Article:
Animal’s Daily Hunting Handgun News

Before we start, go forthwith to Glibertarians and read the latest in my Allamakee County Chronicles series.

Now, moving on:  Last night I stumbled on this article over at Guns.com – The Best Handguns for Hunting.  Now, I carry a sidearm routinely when out and about my business in forest and field; a sidearm, to my thinking, should be something that can be carried in a belt holster all day with minimum inconvenience.  If you need more punch, pack along a rifle.  A handgun should be just that, a handgun, not a pocket rifle.

Guns.com has some other ideas.  Well, I have some comments on that.  Here are the five, with my commentary:

First:  The Nosler M48 Independence.   Sorry, but this isn’t a handgun.  You can’t pack this around in a holster.  This is a cut-down rifle.  I honestly can’t see the point of this kind of thing; it seems like it would be as much trouble t pack around as a rifle, and with that being the case, why not just pack a rifle?

Second:  The Ruger Super Redhawk.  Now this is at least a handgun, well-suited for holster carry, at least in the trim shown.  Ruger does produce these in some rather sillier versions, with elongated barrels, muzzle brakes, bipods and so forth.  But in the short-barreled trim shown, it is at least portable, although in some of the calibers offered it might be a big handful.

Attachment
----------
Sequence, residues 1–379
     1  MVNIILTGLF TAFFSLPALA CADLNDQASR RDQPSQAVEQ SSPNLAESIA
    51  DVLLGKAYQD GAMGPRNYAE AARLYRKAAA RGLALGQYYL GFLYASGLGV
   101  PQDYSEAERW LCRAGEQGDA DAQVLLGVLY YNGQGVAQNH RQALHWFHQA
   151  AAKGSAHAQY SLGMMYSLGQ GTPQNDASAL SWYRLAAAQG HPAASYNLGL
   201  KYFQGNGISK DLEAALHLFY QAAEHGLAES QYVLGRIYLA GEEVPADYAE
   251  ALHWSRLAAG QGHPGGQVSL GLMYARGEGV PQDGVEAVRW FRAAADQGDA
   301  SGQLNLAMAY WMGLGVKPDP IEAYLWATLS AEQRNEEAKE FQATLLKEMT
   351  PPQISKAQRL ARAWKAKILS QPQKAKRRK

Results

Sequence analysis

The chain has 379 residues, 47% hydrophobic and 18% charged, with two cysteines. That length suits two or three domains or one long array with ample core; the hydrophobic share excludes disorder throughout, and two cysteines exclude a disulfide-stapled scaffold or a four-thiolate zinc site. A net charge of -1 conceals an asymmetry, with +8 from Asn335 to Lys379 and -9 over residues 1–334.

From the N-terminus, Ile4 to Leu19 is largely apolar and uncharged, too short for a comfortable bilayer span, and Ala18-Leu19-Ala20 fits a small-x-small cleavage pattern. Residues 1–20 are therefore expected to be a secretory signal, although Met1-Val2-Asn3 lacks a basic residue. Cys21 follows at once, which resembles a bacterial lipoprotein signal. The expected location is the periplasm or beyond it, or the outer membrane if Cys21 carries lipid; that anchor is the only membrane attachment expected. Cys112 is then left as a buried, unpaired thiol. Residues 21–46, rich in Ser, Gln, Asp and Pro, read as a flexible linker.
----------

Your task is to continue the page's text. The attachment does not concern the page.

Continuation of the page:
Third:  The Remington 1911 R1 Hunter.  Now this is more my idea of a sidearm, and the R1 Hunter is available in the walloping 10mm round, which doesn’t seem too popular these days but which packs almost a .44 Magnum-level punch.  And the 1911 pattern – well, damn few weapons have a better history for durability and reliability.

Fourth:  The Magnum Research BFR.  Now this is a perfectly ridiculous object.  Chambered in rounds including the .45-70, .30-30 and .500 S&W, this thing weighs as much as a lightweight rifle and has to be an order or two of magnitude more difficult to shoot.  If I need that much power, I’ll grab my Marlin Guide Gun, also in .45-70, but much more manageable – and only a little bit less portable.

Fifth:  The Smith & Wesson 460.  Most of what I said about the BFR applies here as well, but the Smith lacks the versatility of chambering in big-punch rifle cartridges, making it even less versatile and no more portable.

Of the five, only two of them are really handguns, and one of those only marginally.

The 25-5, in the middle.

Long-term readers of these pages know my preferences in sidearms.  My favorite (left, middle) is my big Smith & Wesson 25-5, mid-Seventies vintage, .45 Colt.  This great piece (along with the .45 Colt Vaquero, also pictured) can be easily packed in a belt holster all day, and packs enough punch for most jobs you’d ask of a sidearm.  My favored load is a 255-grain hard cast Keith-type slug over 8 grains of Unique – do not try that load in an old Single Action Army, Colt New Service or anything but a modern revolver – and that will blow through a railroad tie or, from personal experience, lengthwise a big Iowa farm-country whitetail.

That’s enough handgun for just about anything.